NBN U.K. News

NBN U.K. News

Embattled West Australian Fisheries Minister Dave Kelly has been accused of disrespecting commercial barramundi fishers after banning them from a popular fishing ground without consultation.

King Sound near Derby, 2,300km north of Perth, has been the scene of a long-running dispute between locals and one commercial operator over access to its rich barramundi stocks.

In October, Mr Kelly announced an end to the “conflict” by “ordering a permanent commercial fishing closure” for King Sound South.

This was the result of a “mutual agreement” between the operator Big Blue Fishing Pty Ltd, the WA Fishing Industry Council (WAFIC), Recfishwest and locals following negotiations facilitated by the State Government.

The agreement included an undisclosed compensation payment to Big Blue Fishing, whose area of operations have been most affected by the ban.

Other fishers ‘not consulted’

Mark Ainsworth of Ainsworth Fishing is one of three other operators licensed for the area and said the first he heard of the agreement was from other fishers at the Derby boat ramp.

“It was just local gossip, that’s how I found out,” Mr Ainsworth said.

While he has avoided fishing in King Sound out of respect for the community, Mr Ainsworth was entitled to operate in the area as a Kimberley Gillnet Barramundi Fishery (KGBF) licence holder.

He said he felt that he had been been punished for doing the right thing.

“We need to look after the Derby locals it being a recreational fishing town, but I wasn’t consulted in any fashion at all,” Mr Ainsworth said.

“I’ve been told I missed the boat.”

Wyndham resident Mark Douglas, who holds a licence to operate off the Kimberley coast, echoed Mr Ainsworth’s frustrations at the lack of consultation from the State Government.

Government, industry groups play blame game

In a statement to the ABC, Mr Kelly said consultation was the responsibility of his colleagues at the Department for Primary Industries and Regional Development (DPIRD).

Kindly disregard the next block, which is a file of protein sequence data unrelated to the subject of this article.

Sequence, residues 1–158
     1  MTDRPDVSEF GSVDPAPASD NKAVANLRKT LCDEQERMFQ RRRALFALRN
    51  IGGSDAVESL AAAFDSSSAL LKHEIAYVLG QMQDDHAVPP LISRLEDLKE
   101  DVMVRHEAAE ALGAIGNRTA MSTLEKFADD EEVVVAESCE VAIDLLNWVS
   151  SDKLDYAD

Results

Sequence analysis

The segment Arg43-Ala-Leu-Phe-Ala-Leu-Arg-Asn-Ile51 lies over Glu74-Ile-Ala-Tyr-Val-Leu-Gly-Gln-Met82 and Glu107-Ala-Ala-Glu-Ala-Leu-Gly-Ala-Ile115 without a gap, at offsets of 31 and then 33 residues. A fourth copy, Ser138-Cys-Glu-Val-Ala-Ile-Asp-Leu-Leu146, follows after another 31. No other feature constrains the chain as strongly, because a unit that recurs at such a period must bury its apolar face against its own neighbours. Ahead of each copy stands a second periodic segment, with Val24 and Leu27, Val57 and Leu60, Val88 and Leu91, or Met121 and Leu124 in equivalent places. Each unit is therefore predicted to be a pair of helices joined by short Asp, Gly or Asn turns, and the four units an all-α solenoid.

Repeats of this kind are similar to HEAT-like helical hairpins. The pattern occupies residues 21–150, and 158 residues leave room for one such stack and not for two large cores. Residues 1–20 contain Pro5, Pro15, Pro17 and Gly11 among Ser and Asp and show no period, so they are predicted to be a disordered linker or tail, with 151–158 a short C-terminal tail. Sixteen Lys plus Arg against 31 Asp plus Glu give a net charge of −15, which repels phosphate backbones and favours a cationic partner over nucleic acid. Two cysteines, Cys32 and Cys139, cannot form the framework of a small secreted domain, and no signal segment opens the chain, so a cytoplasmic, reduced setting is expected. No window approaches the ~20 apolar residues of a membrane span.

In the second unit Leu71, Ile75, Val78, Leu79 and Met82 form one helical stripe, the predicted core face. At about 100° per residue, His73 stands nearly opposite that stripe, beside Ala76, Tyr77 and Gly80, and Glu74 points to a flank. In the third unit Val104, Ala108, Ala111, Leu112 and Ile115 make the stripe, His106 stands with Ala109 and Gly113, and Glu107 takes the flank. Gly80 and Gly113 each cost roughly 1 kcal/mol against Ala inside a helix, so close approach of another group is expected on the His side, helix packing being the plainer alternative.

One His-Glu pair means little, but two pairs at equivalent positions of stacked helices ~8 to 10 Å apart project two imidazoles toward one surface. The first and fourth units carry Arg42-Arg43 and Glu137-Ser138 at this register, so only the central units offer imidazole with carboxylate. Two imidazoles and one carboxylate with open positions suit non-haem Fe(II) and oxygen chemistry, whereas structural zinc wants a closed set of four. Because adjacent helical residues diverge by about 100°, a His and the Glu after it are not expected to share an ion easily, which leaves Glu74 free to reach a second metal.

“Following an agreement between WAFIC and Recfishwest, the Department of Primary Industries and Regional Development undertook formal consultations with all licence holders, affording them the opportunity to comment, prior to the closure.”

In correspondence received by Mr Ainsworth two months after the agreement was announced, a DPIRD representative admitted he was not adequately consulted, blaming WAFIC.

“The Department had assumed that WAFIC would consult with all KGBF fishers potentially affected by the closure,” the email reads.

“Unfortunately this assumption was not confirmed at the time and I take responsibility for this error, as it appears you were not adequately consulted as part of the negotiation process.

“I sincerely apologise that you were overlooked during the period of negotiation.”

Fishers ‘deeply pessimistic’

A WAFIC spokesperson said other licence holders were not consulted at the time as mediation was based on conflicts involving a single fisher.

In another turn, the peak body for commercial fishers said it suggested a temporary ban to protect fishing rights for all licence holders but that was rejected by the Government.

It also distanced itself from the decision to award one operator compensation.

“Following mediation, WAFIC played no role in wider industry consultation, or consultation with other entitlement holders impacted by the Department’s compensation policy.”

It is a blunder that Mr Ainsworth believes has unfairly damaged the value of his licence and sets a dangerous precedent for future government decisions affecting his business.

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